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1 Sin will pluck on sin.”

24-iv.2. 2 'Tis one thing to be tempted, Another thing to fall.

5-ii. l. 3 'Tis not enough to help the feeble up, But to support him after.

27-i. 1. 4

When our actions do not,
Our fears do make us traitors.

15-iv.2. 5 Charity itself fulfils the law.

8-iv. 3. 6

Be to yourself,
you would to your friend.

25-i. 1. 7 Trust not him, that hath once broken faith.

23-iv. 4. 8 There's place, and means,

every man alive.

11-iv. 3. 9 How oft the sight of means to do ill deeds, Makes deeds ill done!

16-iv. 2. 10 A heart unspotted is not easily daunted.

22-iii. 1. 11 IU deeds are doubled with an evil word.

14-üi.2. 12 Do not cast away an honest man for a villain's accusation.

22-i.3. 13 There's not one wise man among twenty that will praise himself.


e 2 Tim. iii. 13.

14 Small things make base men proud. 22-iv. l. 15 Who seeks, and will not take, when once 'tis

Shall never find it more.

30-ii. 7. 16 Tears shew their love, but want their remedies.

17-iii. 3. 17 They, that dally nicely with words, may quickly make them wanton.

4-iii. 1. 18 Heavens are just, and time suppresseth wrongs.

23-iii. 3. 19

They well deserve to have,
That know the strong'st and surest way to get.

17-i. 3. 20

Mock not flesh and blood
With solemn reverence.

17-ü. 2. 21 Things may serve long, but not serve ever.

11-ii. 2. 22 One drunkard loves another of the name.

8-iv.3. 23 God the best maker of all marriages. 20-v. 2. 24 Small cheer, and great welcome, makes a merry feast.f

14-iii. I.

25 Manhood is call'd foolery, when it stands Against a falling fabric.

28-iii. 1. 26

Let instructions enter
Where folly now possesses.

31-i. 6. 27 A madman's epistles are no gospels. 4-v. 1. 28 Devils soonest tempt, resembling spirits of light.

8_iv. 3. 29

How poor an instrument
May do a noble deed!

30—V.2. 30 À golden-mind stoops not to shows of dross.

9-ii, 7.

{"Better is a dinner of herbs where love is, than a stalled ox and hatred therewith."

31 What's gone, and what 's past help,

Should be past grief.

13–iii. 2.

32 It is religion, that doth make vows kept.

16-üi. 1. 33 A crafty knave does need no broker. 22-i. 2. 34 Young blood will not obey an old decree.

8-iv. 3. 35 Graces challenge grace.

23—iv.8. 36 Direct not him, whose way himself will choose.

17-ii. 1. 37 True nobility is exempt from fear. 22-iv. 1. 38 All offences come from the heart. 20-iv. 8. 39 The will of man is by his reason sway'd.

7-ü. 3. 40 The amity, that wisdom knits not, folly may easily untie.

26-ii. 3. 41 Be ever known to patience.

304iii. 6. 42 True hope is swift, and flies with swallow's wings.

24-v.2. 43 Pleasure, and action, make the hours seem short.

37-ii. 3. 44 Things sweet to taste, prove in digestion sour.

17-i. 3. 45 To weep, is to make less the depth of grief.

23–ii. l. 46 Conscience is a thousand swords. 24-V.2. 47 Every cloud engenders not a storm. 23-V.3. 48 Truth hath a quiet breast.

17-i. 3. 49 Unquiet meals make ill digestions. 14-v. 1. 50 Things ill got had ever bad success. 23-ii.2. 51 Divorce not wisdom from your honour.

19 . 1.

& Matt. xv. 18, 19.

52 It is a sin to be a mocker.

9-i. 2.

53 Some innocents 'scape not the thunder-bolt.

30–4.5. 54 Seek not a scorpion's nest.

22-üi. 2. 55

Society is no comfort
To one not sociable.

31-iv.2. 56 Past all shame, so past all truth. 13-iii. 2. 57 Every one can master a grief, but he that has it.

6-iii. 2. 58 He, that will have a cake out of the wheat, must tarry the grinding."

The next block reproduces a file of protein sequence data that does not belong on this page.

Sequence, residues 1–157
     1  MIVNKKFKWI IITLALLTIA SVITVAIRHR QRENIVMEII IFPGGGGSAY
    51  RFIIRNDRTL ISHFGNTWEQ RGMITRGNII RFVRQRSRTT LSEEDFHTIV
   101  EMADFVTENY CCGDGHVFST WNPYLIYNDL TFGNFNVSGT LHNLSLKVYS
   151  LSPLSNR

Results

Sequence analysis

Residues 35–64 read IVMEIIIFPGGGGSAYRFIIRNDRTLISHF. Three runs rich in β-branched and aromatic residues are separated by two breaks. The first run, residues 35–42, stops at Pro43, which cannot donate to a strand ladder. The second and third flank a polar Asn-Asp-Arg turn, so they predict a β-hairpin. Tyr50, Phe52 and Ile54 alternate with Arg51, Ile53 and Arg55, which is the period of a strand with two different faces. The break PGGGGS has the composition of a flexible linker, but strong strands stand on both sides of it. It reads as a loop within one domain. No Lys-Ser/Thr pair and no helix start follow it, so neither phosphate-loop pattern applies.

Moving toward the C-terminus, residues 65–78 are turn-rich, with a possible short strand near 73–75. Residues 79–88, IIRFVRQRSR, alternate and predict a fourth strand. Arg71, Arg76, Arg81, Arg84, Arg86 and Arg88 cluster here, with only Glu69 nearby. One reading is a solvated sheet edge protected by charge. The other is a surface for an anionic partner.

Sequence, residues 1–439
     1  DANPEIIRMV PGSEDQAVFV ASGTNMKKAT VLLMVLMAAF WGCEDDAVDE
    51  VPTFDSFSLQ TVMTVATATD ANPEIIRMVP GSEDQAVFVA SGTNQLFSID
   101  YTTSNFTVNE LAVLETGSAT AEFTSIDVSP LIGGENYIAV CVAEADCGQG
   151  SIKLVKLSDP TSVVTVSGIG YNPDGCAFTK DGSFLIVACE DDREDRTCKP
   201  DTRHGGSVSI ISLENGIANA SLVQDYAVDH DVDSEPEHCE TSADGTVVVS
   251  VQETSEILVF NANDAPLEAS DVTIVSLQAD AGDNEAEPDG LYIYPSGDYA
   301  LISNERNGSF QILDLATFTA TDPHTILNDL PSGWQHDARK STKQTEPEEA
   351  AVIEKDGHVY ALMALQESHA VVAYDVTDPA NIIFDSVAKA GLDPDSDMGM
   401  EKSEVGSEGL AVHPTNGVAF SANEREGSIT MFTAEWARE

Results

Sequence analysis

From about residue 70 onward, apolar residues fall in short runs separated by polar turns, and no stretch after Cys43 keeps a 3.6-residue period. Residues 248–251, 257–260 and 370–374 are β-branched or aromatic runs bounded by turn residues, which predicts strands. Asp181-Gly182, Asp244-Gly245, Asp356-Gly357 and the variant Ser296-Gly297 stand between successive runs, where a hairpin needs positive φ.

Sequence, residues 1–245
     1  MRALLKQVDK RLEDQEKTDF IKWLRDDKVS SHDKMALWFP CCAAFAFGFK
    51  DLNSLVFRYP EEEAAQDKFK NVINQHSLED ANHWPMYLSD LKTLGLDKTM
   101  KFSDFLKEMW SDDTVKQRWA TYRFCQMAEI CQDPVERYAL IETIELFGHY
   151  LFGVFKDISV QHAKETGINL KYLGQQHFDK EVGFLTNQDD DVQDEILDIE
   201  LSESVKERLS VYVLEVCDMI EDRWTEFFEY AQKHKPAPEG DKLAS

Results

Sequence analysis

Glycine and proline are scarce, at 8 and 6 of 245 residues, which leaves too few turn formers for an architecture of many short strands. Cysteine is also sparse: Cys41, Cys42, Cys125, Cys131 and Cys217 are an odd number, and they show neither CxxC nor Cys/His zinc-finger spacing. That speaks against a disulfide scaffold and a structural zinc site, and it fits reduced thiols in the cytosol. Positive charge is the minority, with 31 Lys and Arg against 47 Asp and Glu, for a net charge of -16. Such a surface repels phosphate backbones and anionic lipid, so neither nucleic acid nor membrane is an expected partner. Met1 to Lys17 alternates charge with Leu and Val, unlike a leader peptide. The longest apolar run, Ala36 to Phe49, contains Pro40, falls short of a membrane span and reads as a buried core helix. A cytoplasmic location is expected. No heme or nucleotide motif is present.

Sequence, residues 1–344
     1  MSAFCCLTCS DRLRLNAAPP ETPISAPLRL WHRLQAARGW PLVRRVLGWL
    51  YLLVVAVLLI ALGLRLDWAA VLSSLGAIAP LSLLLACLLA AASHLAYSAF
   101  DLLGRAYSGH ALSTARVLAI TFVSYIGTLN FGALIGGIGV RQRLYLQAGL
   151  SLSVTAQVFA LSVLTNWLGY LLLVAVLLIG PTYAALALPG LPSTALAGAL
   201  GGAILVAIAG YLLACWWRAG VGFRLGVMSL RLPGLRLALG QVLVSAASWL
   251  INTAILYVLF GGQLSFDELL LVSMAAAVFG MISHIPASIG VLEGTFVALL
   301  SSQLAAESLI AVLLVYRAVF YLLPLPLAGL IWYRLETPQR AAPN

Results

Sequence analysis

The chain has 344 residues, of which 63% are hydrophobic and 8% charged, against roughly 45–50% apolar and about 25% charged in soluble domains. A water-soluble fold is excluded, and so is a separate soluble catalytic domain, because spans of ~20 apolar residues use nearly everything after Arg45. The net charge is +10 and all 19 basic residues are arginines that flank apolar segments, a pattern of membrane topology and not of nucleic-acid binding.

26-i. 1. 59

So Judas kiss'd his Master; And cried—all hail! when as he meant-all harm.


60 Against the blown rose may they stop their nose, That kneel'd unto the buds.

30-iii. 11.


Pleasure and revenge
Have ears more deaf than adders to the voice
true decision.

26-ii. 2. 62 Wrong hath but wrong, and blame the due of blame.


63 An English courtier may be wise, And never see the Louvre.i

25-i. 3. 64

What cannot be avoided,
'Twere childish weakness to lament or fear.

23-V. 4. 65

Ignorance is the curse of God, Knowledge the wing wherewith we fly to heaven.

22-iv. 7. 66

An hypocrite,
Is good in nothing but in sight. 33_i. 1.

h Grinding.--the bolting, the leavening, the kneading, the making of the cake, the heating of the oven, and the baking; nay, you must stay the cooling too, or you may chance to burn your lips,

i A palace at Paris.

67 Vice repeated, is like the wand'ring wind, Blows dustk in others' eyes.

33-i. 1. 68 Those that with haste will make a mighty fire, Begin it with weak straws.

29_i. 3. 69 Great griefs medicine the less. 31-iv.2. 70 Great men have reaching hands. 22-iv. 7. 71. An honest tale speeds best, being plainly told.

24-iv. 4. 72 Dread curses—like the sun 'gainst glass,

Or like an overcharged gun-recoil. 22—iii. 2. 73 Action is eloquence, and the eyes of the ignorant More learned than their ears.

28iii. 2.

74 Wishers were ever fools.

30-iv. 13.

75 'Tis better playing with a lion's whelp,

Than with an old one dying. 30-iii. 11. 76 Achievement is command; ungain’d, beseech.'

26-i. 2. 77 What is the trust or strength of foolish man?

21-iii. 2.


Never anger

30-iv. 1.


Made good guard for itself.

A beggar's book
Outworths a noble's blood."


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80 The harder match'd, the greater victory.

23-v. I. 81 There's beggary in the love that can be reckon'd.

30-i. 1. 82 Banish the canker of ambitious thoughts.

22-i.2. 83 Things won are done, joy's soul lies in the doing.

26-i.2. 84 Friendly counsel cuts off many foes. 21-üi. l.

+ That is, which blows dust. | Men, after possession, become our commanders ; before it, they are our supplicants.

m That is, the literary qualifications of a bookish beggar are more prized than the high descent of hereditary greatness.

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